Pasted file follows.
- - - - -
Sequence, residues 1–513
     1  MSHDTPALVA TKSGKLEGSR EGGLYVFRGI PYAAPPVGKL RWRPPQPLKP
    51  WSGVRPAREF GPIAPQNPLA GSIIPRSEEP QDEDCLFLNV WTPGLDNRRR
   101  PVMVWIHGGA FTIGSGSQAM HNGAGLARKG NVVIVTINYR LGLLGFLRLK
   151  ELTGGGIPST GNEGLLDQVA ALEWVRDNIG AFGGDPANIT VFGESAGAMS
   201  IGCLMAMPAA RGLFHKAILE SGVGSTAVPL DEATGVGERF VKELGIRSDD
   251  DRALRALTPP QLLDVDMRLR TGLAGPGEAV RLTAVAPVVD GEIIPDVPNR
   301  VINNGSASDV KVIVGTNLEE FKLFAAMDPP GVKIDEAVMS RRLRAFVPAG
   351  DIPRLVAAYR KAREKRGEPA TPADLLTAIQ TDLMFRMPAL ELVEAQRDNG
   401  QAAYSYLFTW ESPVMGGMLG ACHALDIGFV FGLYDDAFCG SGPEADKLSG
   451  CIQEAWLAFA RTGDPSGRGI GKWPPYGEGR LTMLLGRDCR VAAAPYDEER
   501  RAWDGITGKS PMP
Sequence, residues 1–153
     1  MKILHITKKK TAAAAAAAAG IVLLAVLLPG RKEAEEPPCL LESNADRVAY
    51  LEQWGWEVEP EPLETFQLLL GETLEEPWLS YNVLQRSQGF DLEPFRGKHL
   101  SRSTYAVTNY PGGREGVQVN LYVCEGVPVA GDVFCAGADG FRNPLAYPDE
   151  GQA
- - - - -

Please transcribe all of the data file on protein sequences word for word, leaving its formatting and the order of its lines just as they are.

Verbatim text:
Sequence, residues 1–513
     1  MSHDTPALVA TKSGKLEGSR EGGLYVFRGI PYAAPPVGKL RWRPPQPLKP
    51  WSGVRPAREF GPIAPQNPLA GSIIPRSEEP QDEDCLFLNV WTPGLDNRRR
   101  PVMVWIHGGA FTIGSGSQAM HNGAGLARKG NVVIVTINYR LGLLGFLRLK
   151  ELTGGGIPST GNEGLLDQVA ALEWVRDNIG AFGGDPANIT VFGESAGAMS
   201  IGCLMAMPAA RGLFHKAILE SGVGSTAVPL DEATGVGERF VKELGIRSDD
   251  DRALRALTPP QLLDVDMRLR TGLAGPGEAV RLTAVAPVVD GEIIPDVPNR
   301  VINNGSASDV KVIVGTNLEE FKLFAAMDPP GVKIDEAVMS RRLRAFVPAG
   351  DIPRLVAAYR KAREKRGEPA TPADLLTAIQ TDLMFRMPAL ELVEAQRDNG
   401  QAAYSYLFTW ESPVMGGMLG ACHALDIGFV FGLYDDAFCG SGPEADKLSG
   451  CIQEAWLAFA RTGDPSGRGI GKWPPYGEGR LTMLLGRDCR VAAAPYDEER
   501  RAWDGITGKS PMP
Sequence, residues 1–153
     1  MKILHITKKK TAAAAAAAAG IVLLAVLLPG RKEAEEPPCL LESNADRVAY
    51  LEQWGWEVEP EPLETFQLLL GETLEEPWLS YNVLQRSQGF DLEPFRGKHL
   101  SRSTYAVTNY PGGREGVQVN LYVCEGVPVA GDVFCAGADG FRNPLAYPDE
   151  GQA